Eyes Articles A-Z

Ketotifen and Pregnancy - Lutein Treatment for Macular Degeneration

This page contains links to eMedTV Eyes Articles containing information on subjects from Ketotifen and Pregnancy to Lutein Treatment for Macular Degeneration. The information is organized alphabetically; the "Favorite Articles" contains the top articles on this page. Links in the box will take you directly to the articles; those same links are available with a short description further down the page.
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  • Ketotifen and Pregnancy
    It is unclear if ketotifen is safe for women who are expecting. This part of the eMedTV Web site discusses pregnancy and ketotifen in detail, including information on how the drug performed in clinical studies.
  • Ketotifen Dosage
    There is only one standard recommended dosage of ketotifen for the treatment of eye allergy symptoms. As this eMedTV page explains, the usual dose is one drop in each affected eye twice a day (every 8 to 12 hours, but no more than twice daily).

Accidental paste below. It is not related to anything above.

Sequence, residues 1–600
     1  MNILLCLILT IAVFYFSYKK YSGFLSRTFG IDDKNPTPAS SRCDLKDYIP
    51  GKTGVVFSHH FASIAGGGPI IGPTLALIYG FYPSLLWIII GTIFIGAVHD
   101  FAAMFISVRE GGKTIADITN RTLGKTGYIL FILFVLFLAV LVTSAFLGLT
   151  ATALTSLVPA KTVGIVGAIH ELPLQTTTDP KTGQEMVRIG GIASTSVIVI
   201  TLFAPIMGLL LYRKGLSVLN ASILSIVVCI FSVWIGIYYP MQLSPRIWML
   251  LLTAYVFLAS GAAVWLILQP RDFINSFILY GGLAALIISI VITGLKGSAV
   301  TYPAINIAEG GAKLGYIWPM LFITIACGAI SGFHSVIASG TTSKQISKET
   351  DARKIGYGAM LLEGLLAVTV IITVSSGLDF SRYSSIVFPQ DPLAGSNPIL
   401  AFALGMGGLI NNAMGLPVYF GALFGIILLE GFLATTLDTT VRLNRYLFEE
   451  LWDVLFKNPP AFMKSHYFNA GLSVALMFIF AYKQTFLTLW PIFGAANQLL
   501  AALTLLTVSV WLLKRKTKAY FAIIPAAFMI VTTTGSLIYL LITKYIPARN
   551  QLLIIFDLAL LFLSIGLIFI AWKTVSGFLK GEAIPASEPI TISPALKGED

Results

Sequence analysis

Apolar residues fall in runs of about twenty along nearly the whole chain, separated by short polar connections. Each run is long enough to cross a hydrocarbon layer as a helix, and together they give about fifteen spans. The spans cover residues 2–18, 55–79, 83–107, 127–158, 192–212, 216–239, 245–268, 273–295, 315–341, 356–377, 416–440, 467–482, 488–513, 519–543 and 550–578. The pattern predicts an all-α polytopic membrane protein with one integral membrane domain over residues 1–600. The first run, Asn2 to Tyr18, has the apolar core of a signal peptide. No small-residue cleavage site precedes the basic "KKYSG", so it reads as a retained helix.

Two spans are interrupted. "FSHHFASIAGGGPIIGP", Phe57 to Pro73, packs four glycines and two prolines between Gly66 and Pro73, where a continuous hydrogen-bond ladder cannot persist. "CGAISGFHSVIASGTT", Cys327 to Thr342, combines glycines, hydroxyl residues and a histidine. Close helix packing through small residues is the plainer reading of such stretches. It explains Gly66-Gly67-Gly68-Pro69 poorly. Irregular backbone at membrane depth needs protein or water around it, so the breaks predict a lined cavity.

• Ketotifen Eye Drops
    As explained in this eMedTV Web page, ketotifen is an eye drop used to treat eye allergy symptoms. This article offers some basic information on how to use this product and lists some of the common side effects.
  • Ketotifen Overdose
    As this eMedTV page explains, taking a ketotifen overdose will probably not result in any problems, even when the overdose is taken by mouth. This selection also talks about treatment for this type of overdose, explaining why it likely wouldn't be needed.
  • LASEK
    LASIK, a common laser eye surgery, corrects vision by reshaping the cornea of your eye. This eMedTV segment discusses how the procedure is performed, possible complications involved, and the expected results. LASEK is a common misspelling of LASIK.
  • LASEK Laser Eye Surgery
    LASIK eye surgery is a common procedure used to improve vision by reshaping the cornea of the eye. This eMedTV page offers a brief overview of the preparation and surgical process. LASEK laser eye surgery is more commonly known as LASIK eye surgery.